When we are children, we basically believe what our parents tell us. Thus, Molly believed she would die if she ever went to a doctor or a hospital. Her parents warned her that would happen whenever their beatings caused serious damage. Even as an adult, the innate fear of doctors remained within Molly.
Clearly the parents knew they’d be arrested for child abuse if a doctor ever saw any of the constant injuries she acquired.
I was a great acquirer of injuries myself. However, other than the injuries my older brother inflicted—He wished to an only child—mine were often of my own doing. I got my nose broken and almost blinded by a sickle in my face. (Note to self: Don’t follow close behind an older child swinging a sickle.) I dropped a heavy pair of garden shears on my left ankle. (Doctors still have no clue why I can walk on it, but I can. Anyone reading the x-rays assumes I am crippled.) While riding in the bucket of a small tractor, I could hear my dad saying something to me, so I popped my head up over the bucket edge so I could actually hear him. Evidently, he had warned me to stay in the bucket, because just as I got my head over the bucket, he raised the bucket, splitting my chin wide open.
There must have be far more events than what I can remember. When I would go to the doctor, the old fellow would laugh and declare, yet again, his doubt I would survive my childhood. Now-a-days, Child Care would be all over my parents. But back then, it was thought to be the normal wear and tear children go through.
Honestly, my scars and bruises verses the signs of real abuse would have probably looked very similar to a doctor. But I was not physically abused (except by my brother who truly believed my existence had ruined his life). I was just fearless and possibly too sure of myself.
Book 2 of the
Requires Rescue Series
Sometimes even the strong
requires a helping hand.
Molly Brown always faces life with a smile, even when a frightening thug is intent upon killing her. At first, Detective Sean Cushing finds Molly’s cheery disposition unnatural, especially when he discovers the seriousness of her injuries. When she asks for police protection, he instead offers her a job and home being a nanny to his five-year-old daughter, hoping her cheery disposition can pull his child from her dark hole of misery. Never did he expect he’d be proposing marriage within a day, but life has a way of going in odd directions when Molly Brown is involved.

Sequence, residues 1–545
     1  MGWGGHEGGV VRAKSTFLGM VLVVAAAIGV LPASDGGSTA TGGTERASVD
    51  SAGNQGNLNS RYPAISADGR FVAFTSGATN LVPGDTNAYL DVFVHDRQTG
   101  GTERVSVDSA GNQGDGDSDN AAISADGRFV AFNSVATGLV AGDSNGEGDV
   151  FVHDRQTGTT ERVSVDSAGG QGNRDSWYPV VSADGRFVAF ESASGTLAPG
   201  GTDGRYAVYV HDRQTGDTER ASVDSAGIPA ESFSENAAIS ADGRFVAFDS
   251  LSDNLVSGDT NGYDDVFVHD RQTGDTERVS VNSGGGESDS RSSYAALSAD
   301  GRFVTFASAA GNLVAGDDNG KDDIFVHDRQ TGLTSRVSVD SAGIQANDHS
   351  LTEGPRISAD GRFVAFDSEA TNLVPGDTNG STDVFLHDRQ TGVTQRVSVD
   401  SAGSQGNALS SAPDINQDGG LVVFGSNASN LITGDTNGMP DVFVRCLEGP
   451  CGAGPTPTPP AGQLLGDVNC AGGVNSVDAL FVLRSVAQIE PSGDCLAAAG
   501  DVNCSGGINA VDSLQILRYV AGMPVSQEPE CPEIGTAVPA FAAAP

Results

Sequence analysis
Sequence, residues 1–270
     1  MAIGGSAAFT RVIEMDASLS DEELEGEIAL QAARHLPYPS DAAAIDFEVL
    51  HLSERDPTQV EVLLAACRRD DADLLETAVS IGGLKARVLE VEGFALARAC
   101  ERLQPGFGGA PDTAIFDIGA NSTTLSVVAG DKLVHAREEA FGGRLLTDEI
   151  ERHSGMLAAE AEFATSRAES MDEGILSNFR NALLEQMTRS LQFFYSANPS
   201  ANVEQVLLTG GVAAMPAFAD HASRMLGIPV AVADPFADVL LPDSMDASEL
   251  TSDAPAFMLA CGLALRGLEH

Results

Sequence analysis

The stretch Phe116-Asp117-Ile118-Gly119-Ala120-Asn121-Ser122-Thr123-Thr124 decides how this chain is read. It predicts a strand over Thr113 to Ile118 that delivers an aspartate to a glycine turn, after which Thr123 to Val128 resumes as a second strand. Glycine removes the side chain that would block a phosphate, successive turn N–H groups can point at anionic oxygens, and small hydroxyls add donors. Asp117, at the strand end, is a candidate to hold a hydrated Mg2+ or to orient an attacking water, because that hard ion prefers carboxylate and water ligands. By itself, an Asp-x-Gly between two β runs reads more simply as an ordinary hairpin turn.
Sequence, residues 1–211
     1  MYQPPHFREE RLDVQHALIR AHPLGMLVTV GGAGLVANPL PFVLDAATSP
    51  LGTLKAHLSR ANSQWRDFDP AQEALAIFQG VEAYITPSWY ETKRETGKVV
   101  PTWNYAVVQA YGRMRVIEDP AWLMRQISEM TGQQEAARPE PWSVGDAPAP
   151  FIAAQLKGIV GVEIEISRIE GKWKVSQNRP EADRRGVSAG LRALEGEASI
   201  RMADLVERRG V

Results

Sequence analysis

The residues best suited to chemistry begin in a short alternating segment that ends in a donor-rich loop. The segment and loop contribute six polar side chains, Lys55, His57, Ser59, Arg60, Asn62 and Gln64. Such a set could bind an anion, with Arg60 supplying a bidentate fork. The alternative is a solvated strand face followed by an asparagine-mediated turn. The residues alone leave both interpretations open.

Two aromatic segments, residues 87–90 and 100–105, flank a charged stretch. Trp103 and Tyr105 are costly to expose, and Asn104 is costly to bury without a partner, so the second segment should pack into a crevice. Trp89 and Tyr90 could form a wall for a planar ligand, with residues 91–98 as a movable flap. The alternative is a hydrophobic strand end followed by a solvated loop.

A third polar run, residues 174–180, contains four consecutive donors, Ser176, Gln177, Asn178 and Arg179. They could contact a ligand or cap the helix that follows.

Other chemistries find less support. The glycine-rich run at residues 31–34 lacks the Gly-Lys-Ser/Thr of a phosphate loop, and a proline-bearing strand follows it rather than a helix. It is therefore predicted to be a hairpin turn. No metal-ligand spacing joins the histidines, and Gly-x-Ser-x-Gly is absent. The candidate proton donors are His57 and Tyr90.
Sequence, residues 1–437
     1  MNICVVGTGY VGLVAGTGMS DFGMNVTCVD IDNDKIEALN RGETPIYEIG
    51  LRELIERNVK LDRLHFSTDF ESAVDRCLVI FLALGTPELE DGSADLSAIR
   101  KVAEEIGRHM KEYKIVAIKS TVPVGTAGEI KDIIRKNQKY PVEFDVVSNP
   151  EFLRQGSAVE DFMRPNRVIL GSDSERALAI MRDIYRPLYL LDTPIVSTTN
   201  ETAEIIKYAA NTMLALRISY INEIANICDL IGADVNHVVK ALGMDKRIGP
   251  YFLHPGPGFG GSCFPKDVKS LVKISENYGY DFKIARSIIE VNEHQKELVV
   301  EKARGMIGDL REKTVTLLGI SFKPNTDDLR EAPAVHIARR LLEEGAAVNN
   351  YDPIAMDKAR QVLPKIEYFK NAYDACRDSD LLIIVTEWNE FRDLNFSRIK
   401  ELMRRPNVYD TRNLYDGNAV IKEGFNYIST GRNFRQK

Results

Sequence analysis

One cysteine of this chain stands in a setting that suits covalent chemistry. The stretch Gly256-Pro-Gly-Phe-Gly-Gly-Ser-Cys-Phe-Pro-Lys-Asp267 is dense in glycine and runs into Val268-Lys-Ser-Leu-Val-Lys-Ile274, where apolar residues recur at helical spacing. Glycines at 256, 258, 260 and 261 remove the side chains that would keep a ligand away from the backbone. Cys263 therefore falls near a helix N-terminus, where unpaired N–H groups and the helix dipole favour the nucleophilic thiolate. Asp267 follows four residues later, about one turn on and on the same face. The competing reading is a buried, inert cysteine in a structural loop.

Sean set his daughter in a chair and placed his hands on Molly’s cheeks. “Talk to me. Tell me why you’re so frightened.”
She shook her head, but when he pulled away, hurt by her refusal, she gripped his hand. “I can’t explain the panic I feel. The Browns convinced me I’d die if I ever went to a hospital or saw a doctor. I think my body is in flight mode.”
He kissed her forehead. “We can deal with that.”
Just then, the doctor she’d met at the precinct entered and frowned at her. Her fear tripled and her heart pounded so hard in her chest it felt like it might burst out and attempt to run off by itself since she couldn’t.
“David, you need to put her under now. She’s having a panic attack.”
The doctor stared at the monitors. “Looks more like a heart attack.”
“It’s a severe panic attack. Trust me.”
David looked down at her. “Are you feeling panicked, Molly?”
“No, I’d like to go home now,” she whispered.
“David, it’s a panic attack. She’s just been taught to lie to doctors.”
“Great!” he sighed and stared at the monitor. “Molly, if I treat the wrong symptoms, you may die. Now is this panic or do you feel a sharp pain in your chest?”
“I’m fine. I want to go home. Sean, please take me home.”
“That’s not an option, Molly. I am going to treat you for a heart attack unless you can convince me you’re having a panic attack. Now, what are your symptoms?”
Molly opened her mouth to speak, but no sound came out. She looked to Sean to save her, but he was glaring at the doctor. She should have never agreed to this. She knew better than to come to a hospital. Suddenly, a new voice cried out. “Mommy, tell him what’s wrong. You can’t die, you can’t. Please tell him—for me. I need you. Mommy, please.”
Eliza’s sweet voice broke through Molly’s paralysis and panic. Eliza had managed to say her first words in over a year! She looked to Sean. He was staring at his daughter in shock. “I want my mommy!” Eliza cried.
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ABOUT THE AUTHOR
Liza O’Connor lives in Denville, NJ with her dog Jess. They hike in fabulous woods every day, rain or shine, sleet or snow. Having an adventurous nature, she learned to fly small Cessnas in NJ, hang-glide in New Zealand, kayak in Pennsylvania, ski in New York, scuba dive with great white sharks in Australia, dig up dinosaur bones in Montana, sky dive in Indiana, and raft a class four river in Tasmania. She’s an avid gardener, amateur photographer, and dabbler in watercolors and graphic arts. Yet through her entire life, her first love has and always will be writing novels.
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